Whilst the author is doing his conclusion at the end, he will tend to say “in your quest for power” which is another reason why I see this book as a philosophical book. The truth is many people (including myself) don’t view life as one big game where the purpose of it is to gain power that is because life is so much more complicated and beautiful then that. Not everyone on the planet wants to be someone who has power because of the fact that if you have to do immoral things to gain power and it takes so much effort to maintain power then not a lot people are interested in that. Nobody wants to be a slave to power. There are many people who are living free and happy lives doing what they love on a day to day basis whilst they are free of the worries and stresses of power.

Those people aren’t miserable. They didn’t ‘disdain’ a game and lived lives where they suffered the consequences. They merely ignored the game because they found something better. Happiness or whatever else they were passionate about in their lives. Machiavelli is also a philosopher that has been critiqued throughout history. Scholars have accused him of being immoral many times in their lives. In short, Machiavelli (and the author by extension) are promoting ‘the ends justify the means’ type of policies. Policies which clash with many people’s ethical values. Sometimes doing an action just to gain power is the wrong thing to do.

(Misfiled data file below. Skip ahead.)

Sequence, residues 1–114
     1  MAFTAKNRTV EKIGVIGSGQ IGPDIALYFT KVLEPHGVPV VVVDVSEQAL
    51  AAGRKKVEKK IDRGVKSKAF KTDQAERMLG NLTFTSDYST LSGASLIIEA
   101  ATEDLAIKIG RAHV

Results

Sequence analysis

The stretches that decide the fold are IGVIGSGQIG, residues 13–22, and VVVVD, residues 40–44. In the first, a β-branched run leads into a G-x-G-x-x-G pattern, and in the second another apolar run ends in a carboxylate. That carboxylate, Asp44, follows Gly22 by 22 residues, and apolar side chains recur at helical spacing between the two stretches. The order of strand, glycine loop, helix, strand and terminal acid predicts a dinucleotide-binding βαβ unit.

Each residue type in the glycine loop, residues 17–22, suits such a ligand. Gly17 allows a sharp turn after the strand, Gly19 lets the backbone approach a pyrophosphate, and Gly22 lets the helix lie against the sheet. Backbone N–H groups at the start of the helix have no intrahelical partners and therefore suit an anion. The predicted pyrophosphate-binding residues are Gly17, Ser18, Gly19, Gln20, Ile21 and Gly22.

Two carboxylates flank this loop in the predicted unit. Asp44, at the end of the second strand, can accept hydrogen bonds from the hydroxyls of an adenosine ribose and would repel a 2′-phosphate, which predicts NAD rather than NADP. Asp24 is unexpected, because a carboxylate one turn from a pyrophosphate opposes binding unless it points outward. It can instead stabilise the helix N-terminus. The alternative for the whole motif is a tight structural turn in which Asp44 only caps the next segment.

Furthermore, what exactly is the end goal of the quest to gain power? Power itself? Is power something that is guaranteed to make you happy? Even if it is, is it something that everyone can attain at the same time? I highly doubt it. Many people don’t believe that power is something that will make them happy in their lives and actively choose not to get involved in the political arena. Furthermore, there are many people who did reach the height of political power and success only to realise that this isn’t what they wanted at all. There are numerous examples of this and I won’t go through every person in history who felt this way. A clear example would be Caliph Muawiyah I who was the first king of one of the most powerful dynasties in the history of human kind. The Umayyad dynasty.

When the burden of power was too much he wished that he would have just been a hungry poor person living happily in the desert. Alexander the Great as well. He accomplished so much in terms of conquest at such a young age and yet towards the end of his life hw was giving away so much money to charity and treasure as well. He was visibly depressed and wished he could have taken a different course during his life. Another would be Caliph Abdal-Malik of the Umayyad dynasty. He was someone who Ibn Khaldun called one of the great kings. Yet at the end of his life he didn’t appear to happy with himself as he constantly lamented over his decisions and spent much time begging God for forgiveness. Power isn’t the end all be all. And as I do think that this book is an excellent read (I rated it as 5/5) I do believe that the philosophical ideas that the author is bringing forward are ones that I disagree with.

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Published by Muaad

21. Enjoy reading, travelling, meeting people and living life to the fullest.